Integrating Certifications into Your CTE Curriculum
There's nothing quite as impressive as being a high school student who already has professional certifications after his or her name. Not only do these credentials look good for potential employers and college recruiters, but they also allow you, the CTE educator, to assess your students' performance and see how they measure up against industry standards.
"Certifications allow us to see if students know programs like Microsoft Word from top to bottom, and provide an industry standard that we can measure against," says Erik Amerikaner, computer technology instructor at Oak Park High School in Thousand Oaks, Calif. Amerikaner, who implemented a Microsoft Office Specialist certification program at the school in 2009, has seen the benefits of helping to certify over 300 students at Oak Park, and at his previous school.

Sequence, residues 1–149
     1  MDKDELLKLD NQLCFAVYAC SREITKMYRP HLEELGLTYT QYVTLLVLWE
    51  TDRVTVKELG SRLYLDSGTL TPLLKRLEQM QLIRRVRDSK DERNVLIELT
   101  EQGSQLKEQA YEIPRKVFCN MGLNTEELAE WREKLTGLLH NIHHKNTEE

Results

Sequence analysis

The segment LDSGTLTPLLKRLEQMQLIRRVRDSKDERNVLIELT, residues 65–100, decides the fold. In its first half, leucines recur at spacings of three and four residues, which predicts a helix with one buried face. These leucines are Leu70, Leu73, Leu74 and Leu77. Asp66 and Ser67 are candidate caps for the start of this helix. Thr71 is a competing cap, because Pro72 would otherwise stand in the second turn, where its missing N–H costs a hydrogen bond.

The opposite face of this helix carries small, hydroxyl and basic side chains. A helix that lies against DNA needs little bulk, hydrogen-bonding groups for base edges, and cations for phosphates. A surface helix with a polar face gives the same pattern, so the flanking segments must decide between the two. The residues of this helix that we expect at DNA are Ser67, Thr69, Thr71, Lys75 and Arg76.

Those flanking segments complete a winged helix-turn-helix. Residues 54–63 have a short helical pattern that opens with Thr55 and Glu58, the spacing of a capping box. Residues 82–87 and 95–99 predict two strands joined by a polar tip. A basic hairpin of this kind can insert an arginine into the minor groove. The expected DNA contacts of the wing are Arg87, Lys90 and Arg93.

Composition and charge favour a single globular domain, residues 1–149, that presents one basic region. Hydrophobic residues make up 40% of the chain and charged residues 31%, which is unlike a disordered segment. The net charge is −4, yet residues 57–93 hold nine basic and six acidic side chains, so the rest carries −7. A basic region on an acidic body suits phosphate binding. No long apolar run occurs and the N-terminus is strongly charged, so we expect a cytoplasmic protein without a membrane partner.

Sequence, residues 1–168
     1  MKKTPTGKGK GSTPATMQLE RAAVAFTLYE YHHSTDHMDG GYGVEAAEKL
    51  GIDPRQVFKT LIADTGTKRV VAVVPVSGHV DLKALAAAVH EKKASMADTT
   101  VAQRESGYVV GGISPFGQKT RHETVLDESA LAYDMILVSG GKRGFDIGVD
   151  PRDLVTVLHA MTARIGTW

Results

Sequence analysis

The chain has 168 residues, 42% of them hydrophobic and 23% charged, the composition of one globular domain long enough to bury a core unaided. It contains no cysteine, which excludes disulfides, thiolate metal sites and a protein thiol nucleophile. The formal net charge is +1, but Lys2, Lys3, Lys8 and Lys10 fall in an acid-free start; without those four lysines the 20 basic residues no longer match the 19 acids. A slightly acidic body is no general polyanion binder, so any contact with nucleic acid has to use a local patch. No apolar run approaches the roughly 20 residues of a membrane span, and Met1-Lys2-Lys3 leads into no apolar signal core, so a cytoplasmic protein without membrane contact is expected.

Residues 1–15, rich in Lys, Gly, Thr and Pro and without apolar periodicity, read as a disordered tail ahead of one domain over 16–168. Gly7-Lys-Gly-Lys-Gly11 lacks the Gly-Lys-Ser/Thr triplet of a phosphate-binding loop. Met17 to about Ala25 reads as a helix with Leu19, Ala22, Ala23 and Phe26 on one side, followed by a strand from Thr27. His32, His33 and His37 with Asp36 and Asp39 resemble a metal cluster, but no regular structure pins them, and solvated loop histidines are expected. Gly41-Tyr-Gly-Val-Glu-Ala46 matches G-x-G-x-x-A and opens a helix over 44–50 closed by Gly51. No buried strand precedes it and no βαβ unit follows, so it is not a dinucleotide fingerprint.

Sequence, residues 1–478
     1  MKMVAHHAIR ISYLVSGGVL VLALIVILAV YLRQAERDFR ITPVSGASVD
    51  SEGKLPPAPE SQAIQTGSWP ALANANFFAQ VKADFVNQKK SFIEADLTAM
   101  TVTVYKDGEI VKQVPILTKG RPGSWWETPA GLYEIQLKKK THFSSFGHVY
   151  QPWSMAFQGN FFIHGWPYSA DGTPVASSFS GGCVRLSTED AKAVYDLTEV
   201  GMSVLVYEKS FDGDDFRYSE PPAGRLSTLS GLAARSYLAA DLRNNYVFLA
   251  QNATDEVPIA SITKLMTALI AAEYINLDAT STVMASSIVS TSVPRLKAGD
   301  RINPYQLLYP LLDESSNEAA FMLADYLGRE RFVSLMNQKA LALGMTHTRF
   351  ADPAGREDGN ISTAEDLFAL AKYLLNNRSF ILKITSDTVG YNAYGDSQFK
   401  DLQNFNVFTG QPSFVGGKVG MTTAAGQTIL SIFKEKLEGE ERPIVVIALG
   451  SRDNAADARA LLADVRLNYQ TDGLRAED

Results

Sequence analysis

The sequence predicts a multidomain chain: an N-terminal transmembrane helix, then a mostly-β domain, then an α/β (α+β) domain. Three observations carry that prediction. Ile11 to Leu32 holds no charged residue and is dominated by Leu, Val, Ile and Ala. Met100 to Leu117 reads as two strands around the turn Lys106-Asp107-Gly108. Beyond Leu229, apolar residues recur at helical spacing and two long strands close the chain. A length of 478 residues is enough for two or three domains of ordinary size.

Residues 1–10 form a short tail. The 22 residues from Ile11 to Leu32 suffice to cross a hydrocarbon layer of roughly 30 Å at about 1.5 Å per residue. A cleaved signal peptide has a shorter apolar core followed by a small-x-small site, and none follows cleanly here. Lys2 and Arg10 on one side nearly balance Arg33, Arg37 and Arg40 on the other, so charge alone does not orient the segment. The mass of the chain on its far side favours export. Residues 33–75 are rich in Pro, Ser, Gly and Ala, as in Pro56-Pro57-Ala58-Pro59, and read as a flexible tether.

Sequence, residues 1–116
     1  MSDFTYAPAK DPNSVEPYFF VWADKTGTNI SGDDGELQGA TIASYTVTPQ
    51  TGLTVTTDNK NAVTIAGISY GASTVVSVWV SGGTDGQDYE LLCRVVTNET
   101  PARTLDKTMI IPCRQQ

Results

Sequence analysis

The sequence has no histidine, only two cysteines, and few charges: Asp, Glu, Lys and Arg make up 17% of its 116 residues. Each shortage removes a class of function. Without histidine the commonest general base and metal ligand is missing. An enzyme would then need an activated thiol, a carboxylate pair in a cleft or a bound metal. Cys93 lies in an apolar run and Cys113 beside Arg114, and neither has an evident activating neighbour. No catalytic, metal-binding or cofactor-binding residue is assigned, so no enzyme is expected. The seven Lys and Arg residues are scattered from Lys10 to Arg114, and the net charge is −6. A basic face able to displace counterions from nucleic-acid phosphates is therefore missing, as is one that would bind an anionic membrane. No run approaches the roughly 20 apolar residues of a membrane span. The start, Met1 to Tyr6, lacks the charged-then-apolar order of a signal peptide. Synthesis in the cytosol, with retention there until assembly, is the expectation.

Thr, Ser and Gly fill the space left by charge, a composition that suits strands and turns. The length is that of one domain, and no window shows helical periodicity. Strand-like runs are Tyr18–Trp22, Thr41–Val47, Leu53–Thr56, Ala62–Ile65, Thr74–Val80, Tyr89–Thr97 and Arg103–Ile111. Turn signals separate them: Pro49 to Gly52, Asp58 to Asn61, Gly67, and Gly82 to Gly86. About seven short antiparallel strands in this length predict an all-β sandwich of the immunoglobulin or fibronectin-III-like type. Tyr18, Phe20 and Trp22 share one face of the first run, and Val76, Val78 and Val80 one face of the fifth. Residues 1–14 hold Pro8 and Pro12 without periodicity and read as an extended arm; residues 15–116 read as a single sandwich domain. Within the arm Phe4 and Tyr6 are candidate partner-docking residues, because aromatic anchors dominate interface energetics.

"Students are expected to graduate from high school with basic computer proficiency, and the Microsoft Office Specialist certification proves that," says Amerikaner. "Colleges are accepting certifications as proof that someone has a strong computer education foundation, and that he or she doesn't need a beginning computer class."
If you're considering certifications for your school's technology curriculum, here are three to check out: